Hello? Is my baby OK?

HealthLeader – Hello? Is my baby OK?

Written by: Anissa Anderson Orr  |  Updated: November 03, 2011

Busy caring for her 11-week-old daughter and 3-year-old son, the last thing Danielle Williams needed was a sinus infection to slow her down. The Humble, Texas mother and former pediatric intensive care nurse considered over-the-counter decongestants for her killer allergies. But would the medicine affect her nursing baby? Would it lower her milk supply? “I was really hoping for some relief,” she says. “It was a challenge, trying to nurse a baby, while constantly needing to wash my hands.”

Laden with questions, she called the Texas TIPS Hotline (number below), a new service sponsored by The University of Texas Health Science Center at Houston (UTHealth). They told her she could take the recommended dose of decongestants, and that they had not been linked to decreased milk supply. “I thought it was great just knowing there was a place you could call with your questions, and experts who can help you think,” Williams says.

Funded by a grant from the Texas Department of State Health Services, Texas Teratogen Information Pregnancy Service (TIPS) gives pregnant and nursing women advice from trained genetic counselors on what to do if they have been exposed to a teratogen—a substance that could be harmful to their baby. In the process, they hope to ease the minds of pregnant and nursing moms—a tall order when the everyday world is a potential minefield of substances to avoid.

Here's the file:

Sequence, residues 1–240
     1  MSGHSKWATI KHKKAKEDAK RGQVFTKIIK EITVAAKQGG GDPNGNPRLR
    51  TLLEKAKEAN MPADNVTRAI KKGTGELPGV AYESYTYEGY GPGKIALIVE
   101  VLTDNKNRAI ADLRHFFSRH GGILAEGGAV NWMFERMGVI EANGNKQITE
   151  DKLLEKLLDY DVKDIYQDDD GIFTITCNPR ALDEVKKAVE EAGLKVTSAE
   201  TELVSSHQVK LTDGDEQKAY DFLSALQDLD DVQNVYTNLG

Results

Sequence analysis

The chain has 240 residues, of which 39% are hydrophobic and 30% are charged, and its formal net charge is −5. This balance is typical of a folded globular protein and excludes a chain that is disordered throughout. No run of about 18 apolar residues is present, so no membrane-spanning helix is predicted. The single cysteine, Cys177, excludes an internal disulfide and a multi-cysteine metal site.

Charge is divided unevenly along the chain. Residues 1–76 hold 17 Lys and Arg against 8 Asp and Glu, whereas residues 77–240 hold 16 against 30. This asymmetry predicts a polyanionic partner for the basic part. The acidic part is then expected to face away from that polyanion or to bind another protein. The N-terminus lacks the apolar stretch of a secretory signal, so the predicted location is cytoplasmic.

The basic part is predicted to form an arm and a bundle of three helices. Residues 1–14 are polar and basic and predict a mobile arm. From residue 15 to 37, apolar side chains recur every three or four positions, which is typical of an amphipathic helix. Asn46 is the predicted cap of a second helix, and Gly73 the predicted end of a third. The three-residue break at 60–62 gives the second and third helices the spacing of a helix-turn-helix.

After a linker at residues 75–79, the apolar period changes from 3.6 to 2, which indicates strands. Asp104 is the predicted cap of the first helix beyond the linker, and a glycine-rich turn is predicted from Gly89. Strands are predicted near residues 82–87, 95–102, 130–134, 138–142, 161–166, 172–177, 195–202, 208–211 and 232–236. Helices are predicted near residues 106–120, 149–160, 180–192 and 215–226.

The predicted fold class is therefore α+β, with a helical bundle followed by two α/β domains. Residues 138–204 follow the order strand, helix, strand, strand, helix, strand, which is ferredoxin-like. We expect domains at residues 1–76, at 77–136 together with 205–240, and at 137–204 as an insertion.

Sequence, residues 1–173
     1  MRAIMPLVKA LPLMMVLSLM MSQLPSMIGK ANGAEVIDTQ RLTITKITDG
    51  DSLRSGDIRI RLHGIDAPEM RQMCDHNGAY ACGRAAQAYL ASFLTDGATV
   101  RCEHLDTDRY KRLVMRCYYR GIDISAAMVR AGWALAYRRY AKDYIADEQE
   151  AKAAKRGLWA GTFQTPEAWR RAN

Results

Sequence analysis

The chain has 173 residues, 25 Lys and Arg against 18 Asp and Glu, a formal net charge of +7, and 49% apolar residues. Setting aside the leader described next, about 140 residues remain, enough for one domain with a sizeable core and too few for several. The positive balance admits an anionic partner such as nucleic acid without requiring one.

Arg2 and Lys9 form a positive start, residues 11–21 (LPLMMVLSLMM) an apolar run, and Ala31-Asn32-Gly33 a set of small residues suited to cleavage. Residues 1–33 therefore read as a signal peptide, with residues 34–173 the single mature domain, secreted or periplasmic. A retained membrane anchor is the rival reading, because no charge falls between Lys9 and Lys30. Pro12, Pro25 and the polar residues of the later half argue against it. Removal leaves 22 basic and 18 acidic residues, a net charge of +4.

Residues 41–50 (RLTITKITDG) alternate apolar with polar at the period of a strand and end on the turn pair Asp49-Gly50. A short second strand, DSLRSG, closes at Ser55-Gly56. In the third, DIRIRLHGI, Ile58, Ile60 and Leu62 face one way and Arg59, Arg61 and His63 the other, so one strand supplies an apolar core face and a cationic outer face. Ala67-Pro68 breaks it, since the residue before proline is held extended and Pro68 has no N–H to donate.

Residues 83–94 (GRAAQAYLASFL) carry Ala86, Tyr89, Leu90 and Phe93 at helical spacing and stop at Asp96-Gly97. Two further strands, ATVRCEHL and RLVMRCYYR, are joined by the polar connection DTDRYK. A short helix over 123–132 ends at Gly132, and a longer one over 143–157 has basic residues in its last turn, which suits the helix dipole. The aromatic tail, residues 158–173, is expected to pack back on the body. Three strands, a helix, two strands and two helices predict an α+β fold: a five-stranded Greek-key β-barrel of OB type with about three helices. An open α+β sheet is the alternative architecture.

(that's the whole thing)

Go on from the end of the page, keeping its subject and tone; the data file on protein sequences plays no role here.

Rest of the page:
“I think many times, the reassurance [from Texas TIPS] is going to be invaluable to people, because they are going to find out that the worries they had don’t pan out to be a problem in the fetus, or the nursing baby,” says Texas TIPS founder Hope Northrup, MD, professor of pediatrics and director of the Division of Medical Genetics at UTHealth Medical School. “That will relieve moms from worry for the rest of their pregnancy, and help them enjoy their new baby.”

We asked Northrup and her staff of genetic counselors to weigh in on some of the most common worrisome scenarios for pregnant and breastfeeding women, and how to deal with them.